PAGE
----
Over the course of three days, three miners were killed on the job in West Virginia, Illinois, and Wyoming. Ken Ward Jr. describes their deaths in the Charleston Gazette:
In the recent incidents, 62-year-old Roger R. King of Moundsville was killed Friday when he was hit in the head by part of a chain being used during a longwall machine move at CONSOL Energy’s McElroy Mine in Marshall County.
On Saturday, a miner at Alliance Coal’s Pattiki Mine in White County, Ill., was killed when an underground cart rolled over and he was pinned underneath it. Local media identified the miner as Robert Smith, 47, of Norris City, Ill.
And on Sunday, a third miner was killed when his bulldozer went over a 150-foot highwall at MidAmerican Energy’s Bridger Mine in Sweetwater County, Wyo. SNL Financial News identified that miner as Chris Stassinos, who had worked at the operation for two years.
Ward notes that during the federal government shutdown, the Mine Safety and Health Administration’s contingency plan called for furloughing 1,400 of its 2,355 employees and that the agency is conducting only “targeted inspections” of “high-hazard” mines.
In a follow-up article, Ward quotes United Mine Workers President Cecil Roberts, who warned “the government’s watchdog isn’t watching,” and Senator Jay Rockefeller (D-West Virginia), who expressed “deep frustration about the misguided government shutdown that has furloughed MSHA inspectors and prevented them from conducting the regular inspections that make sure coal companies are operating their mines as safely as possible.”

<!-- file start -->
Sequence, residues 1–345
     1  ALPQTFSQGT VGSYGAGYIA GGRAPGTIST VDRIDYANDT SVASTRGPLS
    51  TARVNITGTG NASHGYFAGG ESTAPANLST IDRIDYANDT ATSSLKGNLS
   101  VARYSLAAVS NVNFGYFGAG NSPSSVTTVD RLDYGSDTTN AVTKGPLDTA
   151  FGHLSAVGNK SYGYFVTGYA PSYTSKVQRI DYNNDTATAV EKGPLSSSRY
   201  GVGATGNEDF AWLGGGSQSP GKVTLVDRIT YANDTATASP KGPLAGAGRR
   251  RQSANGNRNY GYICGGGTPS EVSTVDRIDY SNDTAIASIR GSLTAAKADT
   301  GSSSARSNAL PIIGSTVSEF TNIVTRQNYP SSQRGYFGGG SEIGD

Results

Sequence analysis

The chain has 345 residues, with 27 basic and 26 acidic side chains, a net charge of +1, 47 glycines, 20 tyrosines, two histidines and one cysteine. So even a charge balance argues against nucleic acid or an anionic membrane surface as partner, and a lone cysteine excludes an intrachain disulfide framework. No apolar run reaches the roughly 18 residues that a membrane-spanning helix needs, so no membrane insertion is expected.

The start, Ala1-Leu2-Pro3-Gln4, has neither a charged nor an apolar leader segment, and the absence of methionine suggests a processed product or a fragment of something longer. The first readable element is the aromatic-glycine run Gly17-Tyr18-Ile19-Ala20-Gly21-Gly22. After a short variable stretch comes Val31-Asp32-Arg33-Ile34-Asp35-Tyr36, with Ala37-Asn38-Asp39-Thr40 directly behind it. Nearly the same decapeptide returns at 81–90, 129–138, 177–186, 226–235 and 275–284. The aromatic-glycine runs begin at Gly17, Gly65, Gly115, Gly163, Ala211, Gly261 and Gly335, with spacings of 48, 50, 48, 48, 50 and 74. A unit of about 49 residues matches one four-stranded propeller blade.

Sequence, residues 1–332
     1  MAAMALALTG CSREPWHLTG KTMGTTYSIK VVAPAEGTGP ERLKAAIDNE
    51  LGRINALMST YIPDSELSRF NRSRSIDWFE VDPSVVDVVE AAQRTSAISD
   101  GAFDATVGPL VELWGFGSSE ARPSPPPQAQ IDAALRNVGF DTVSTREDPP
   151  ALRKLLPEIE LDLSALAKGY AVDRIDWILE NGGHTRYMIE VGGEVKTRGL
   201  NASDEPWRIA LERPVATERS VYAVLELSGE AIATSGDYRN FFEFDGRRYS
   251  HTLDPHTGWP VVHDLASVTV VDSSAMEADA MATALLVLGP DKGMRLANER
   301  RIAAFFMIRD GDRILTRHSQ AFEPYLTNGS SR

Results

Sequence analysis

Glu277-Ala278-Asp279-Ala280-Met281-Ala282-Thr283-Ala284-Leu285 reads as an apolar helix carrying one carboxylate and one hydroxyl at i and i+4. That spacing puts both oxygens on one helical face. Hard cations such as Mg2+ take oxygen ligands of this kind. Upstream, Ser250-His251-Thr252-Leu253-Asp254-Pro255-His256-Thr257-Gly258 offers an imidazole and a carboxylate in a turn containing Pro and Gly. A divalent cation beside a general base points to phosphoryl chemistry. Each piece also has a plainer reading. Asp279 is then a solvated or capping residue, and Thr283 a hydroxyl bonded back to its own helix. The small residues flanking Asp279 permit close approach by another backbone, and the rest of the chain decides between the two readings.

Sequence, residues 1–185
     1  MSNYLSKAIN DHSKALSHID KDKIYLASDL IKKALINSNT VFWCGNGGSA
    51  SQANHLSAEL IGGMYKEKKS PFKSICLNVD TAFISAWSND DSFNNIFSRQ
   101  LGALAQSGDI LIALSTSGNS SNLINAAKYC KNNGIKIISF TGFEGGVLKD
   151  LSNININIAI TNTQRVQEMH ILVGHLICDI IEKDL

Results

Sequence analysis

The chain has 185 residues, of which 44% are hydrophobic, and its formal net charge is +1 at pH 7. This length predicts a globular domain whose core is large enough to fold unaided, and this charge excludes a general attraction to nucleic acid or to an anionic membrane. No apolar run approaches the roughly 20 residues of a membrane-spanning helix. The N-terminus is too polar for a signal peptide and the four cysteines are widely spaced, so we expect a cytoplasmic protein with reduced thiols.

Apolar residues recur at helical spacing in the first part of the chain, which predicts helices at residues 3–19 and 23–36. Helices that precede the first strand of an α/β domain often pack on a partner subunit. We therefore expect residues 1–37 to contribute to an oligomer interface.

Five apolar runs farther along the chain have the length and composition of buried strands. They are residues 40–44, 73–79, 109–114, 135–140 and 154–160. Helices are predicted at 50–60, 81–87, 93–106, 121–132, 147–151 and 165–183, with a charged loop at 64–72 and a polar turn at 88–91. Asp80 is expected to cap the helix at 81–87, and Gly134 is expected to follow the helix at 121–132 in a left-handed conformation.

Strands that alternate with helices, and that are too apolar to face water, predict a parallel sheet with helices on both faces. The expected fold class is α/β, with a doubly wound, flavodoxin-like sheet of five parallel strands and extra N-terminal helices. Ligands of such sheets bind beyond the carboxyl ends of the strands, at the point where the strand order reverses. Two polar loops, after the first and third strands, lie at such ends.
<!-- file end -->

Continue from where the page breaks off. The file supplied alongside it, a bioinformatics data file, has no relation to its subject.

In other news:
EHS Today and National Council on Occupational Safety and Health: The Occupational Safety and Health Administration has fined the parent company of the West Fertilizer Company $118,300 for 24 violations. The explosion and fire at the Texas plant killed 15 workers. National COSH notes that the government shutdown forced the US Chemical Safety Board to halt its investigation of the disaster, and urges Congress to give the CSB enforcement ability.
Dallas Morning News: Interviews with nearly a dozen firefighters and medical personnel about the fertilizer-plant explosion and fire in West, Texas reveal “the risks they faced and the horrors they experienced that night.”
Huffington Post: Many adults are exposed to dangerous levels of lead on the job, and the Occupational Safety and Health Administration’s exposure limit hasn’t been tightened even as research has shown health risks from lower levels.
Kennebec Journal (Maine): Research shows firefighters’ exposure to toxic chemicals increases their cancer risk. A 15-year study following Maine firefighters will analyze blood levels of various chemicals and aim to identify those that affect cancer development.
Reuters: A fire in a garment factory in Gazipur, Bangladesh, killed nine workers and injured 50.